Thursday, February 18, 2010

"The Power of Less" by Leo Babauta

I'd already been interested in the a more simplified Zen lifestyle (I've been meditating daily for a couple years now) and picked up this book because the title was so representative of my direction recently: less stress, less hassle, stop messing around and focus on the things and people that are really important to me.

This book is not just a 'guide' for doing less; it seeks to bust what I call the Multitasking Myth: that is, it emphasizes that by doing 14 things at once (MSN, Emails, Music, Twitter, Sending Text messages, Eating...etc) you're actually way less efficient. You're way more stimulated but way less productive.

(Note: there has actually been a bit of talk on 'Multitasking' recently on the web with the recent launch of the Apple iPad, which, unlike a real computer, is generally designed to run just one program at the same time. Techies screeched, "How can you get anything done without Multitasking?"... Ironically, it might be a great built in 'feature')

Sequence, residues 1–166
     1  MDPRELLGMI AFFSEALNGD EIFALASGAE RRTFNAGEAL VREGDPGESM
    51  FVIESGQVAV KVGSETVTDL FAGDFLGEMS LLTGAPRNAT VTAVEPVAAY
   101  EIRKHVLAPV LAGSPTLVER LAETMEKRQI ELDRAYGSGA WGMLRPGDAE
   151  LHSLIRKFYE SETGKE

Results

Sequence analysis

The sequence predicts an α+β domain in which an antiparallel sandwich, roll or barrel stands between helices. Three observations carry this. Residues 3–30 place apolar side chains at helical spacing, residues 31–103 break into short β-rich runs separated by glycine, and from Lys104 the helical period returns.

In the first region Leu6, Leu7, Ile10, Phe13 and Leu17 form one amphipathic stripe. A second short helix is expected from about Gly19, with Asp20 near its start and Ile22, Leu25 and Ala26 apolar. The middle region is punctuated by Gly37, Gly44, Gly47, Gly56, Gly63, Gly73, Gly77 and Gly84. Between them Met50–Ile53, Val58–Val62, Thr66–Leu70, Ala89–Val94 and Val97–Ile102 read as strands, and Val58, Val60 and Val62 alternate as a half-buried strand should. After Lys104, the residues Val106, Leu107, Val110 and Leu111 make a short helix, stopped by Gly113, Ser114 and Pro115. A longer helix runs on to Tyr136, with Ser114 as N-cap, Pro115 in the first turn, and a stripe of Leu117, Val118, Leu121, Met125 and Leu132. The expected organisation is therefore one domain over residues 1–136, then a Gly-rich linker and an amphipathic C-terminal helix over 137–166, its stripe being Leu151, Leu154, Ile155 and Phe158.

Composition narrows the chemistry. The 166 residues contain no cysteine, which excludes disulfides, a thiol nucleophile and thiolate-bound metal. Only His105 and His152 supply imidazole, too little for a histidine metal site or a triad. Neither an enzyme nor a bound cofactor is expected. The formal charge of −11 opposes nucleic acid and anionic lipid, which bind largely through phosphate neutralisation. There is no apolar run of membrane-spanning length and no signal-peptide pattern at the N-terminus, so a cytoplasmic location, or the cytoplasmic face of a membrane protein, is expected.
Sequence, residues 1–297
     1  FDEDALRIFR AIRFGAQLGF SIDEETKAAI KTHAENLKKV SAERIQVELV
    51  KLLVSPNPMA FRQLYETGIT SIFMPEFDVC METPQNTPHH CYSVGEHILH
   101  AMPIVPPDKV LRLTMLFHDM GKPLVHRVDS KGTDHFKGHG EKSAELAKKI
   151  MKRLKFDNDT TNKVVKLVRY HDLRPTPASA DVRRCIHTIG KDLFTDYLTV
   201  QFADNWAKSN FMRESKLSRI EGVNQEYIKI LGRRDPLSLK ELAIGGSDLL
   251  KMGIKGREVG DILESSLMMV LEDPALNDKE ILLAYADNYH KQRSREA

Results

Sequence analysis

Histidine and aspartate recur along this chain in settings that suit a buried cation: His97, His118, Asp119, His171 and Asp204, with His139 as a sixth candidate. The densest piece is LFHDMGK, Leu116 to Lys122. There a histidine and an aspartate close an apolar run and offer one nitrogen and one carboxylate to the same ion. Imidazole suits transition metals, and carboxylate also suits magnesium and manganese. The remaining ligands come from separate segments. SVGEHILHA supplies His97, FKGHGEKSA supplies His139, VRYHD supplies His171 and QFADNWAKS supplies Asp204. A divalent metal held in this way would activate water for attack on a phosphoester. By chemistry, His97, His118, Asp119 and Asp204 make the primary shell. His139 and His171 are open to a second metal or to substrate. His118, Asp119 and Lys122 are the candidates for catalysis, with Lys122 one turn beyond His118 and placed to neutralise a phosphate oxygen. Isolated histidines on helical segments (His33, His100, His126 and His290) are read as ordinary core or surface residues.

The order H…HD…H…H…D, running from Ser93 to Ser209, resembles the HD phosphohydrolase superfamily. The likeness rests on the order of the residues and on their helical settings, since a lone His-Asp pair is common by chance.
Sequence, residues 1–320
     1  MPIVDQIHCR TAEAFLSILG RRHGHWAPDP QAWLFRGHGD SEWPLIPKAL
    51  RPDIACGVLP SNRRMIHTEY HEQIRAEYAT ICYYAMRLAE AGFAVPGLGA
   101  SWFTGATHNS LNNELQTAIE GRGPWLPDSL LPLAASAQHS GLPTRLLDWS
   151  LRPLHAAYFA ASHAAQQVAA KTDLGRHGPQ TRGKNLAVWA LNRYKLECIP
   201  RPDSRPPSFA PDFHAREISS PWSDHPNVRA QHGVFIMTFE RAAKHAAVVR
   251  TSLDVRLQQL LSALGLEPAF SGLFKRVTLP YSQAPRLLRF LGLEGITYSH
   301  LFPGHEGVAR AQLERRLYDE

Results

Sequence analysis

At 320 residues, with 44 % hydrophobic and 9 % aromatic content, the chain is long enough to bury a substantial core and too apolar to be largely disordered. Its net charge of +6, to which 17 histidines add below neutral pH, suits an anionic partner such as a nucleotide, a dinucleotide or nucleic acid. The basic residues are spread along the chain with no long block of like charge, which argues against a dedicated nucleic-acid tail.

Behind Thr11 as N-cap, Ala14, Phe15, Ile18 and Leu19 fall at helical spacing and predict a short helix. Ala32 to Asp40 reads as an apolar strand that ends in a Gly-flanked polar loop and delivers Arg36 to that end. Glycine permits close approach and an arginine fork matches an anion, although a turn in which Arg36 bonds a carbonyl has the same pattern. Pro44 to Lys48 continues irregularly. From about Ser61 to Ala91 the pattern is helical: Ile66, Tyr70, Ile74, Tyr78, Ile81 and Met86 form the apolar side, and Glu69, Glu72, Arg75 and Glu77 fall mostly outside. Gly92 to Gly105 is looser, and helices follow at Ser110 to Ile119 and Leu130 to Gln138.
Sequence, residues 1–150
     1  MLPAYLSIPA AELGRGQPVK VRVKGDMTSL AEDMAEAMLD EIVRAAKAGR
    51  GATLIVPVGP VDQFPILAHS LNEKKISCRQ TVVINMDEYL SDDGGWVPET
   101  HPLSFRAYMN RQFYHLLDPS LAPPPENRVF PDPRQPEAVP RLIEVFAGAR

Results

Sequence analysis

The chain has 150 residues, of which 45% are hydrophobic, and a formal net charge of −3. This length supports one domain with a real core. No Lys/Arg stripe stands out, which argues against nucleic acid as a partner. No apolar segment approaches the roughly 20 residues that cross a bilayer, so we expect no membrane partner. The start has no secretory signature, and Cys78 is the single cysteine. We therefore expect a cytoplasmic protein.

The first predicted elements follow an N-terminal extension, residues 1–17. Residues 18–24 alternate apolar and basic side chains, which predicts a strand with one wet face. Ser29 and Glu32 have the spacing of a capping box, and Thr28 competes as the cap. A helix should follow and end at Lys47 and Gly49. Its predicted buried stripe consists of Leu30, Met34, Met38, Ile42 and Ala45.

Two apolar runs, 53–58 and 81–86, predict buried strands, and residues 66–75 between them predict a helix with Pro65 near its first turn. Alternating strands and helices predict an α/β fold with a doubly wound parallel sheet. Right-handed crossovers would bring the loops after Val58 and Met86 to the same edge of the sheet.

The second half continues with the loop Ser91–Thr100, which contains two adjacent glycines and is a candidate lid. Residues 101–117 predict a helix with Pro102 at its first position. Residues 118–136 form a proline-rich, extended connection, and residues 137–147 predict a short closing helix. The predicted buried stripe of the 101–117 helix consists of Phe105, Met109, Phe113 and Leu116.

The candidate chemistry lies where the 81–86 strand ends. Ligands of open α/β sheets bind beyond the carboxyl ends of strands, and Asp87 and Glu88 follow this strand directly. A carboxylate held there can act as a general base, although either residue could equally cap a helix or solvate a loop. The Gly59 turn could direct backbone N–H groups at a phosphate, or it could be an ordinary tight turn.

In this sense, at its core, the message is to 'unitask'. Focus on the task at hand, and finish it. In the same vein as Tim Ferris (, Babauta is a big fan of batch processing things. Everything from Email to Errands, Bill Paying etc. And it struck me that its actually a very popular idea: just ask Henry Ford.

We've known the power of specialization of labour for so long, so... why are we so hung up on the idea (rather, the myth) of doing a bunch of different things at once? The truth is, to really hit your productivity groove, you gotta turn off the music, get off Facebook, and focus. The productivitity gains are amazing. I know, I know, the great thing about Multitasking is the flexibility, and the time-saving that comes from driving while you play with the your Blackberry, yada yada yada. Come on, what kind of brilliant writing have you done halfway through a Big Mac? Be honest.

Ok so that was just one element of the book, but I think it exemplifies what we're trying to do here, 'Power of Less' doesn't mean you're doing less, you'll actually do a ton of things, the point is less distraction and less wasted energy on things that, frankly, don't really mean much in the long run.

A big section of the book, Babauta talks about nailing 6 month to multiyear goals by breaking them down and, again, focusing on just a few goals concurrently (you could do just 1, ideally, but there are often time gaps between certain objectives, and we don't want to waste that time idly.)

If you find yourself getting sidetracked easily at work, (it's normal, we all do) definitely check this book out (as well as the aforementioned Tim Ferris classic, 4 hour Work week).

Follow this author on Twitter@zen_habits

No comments: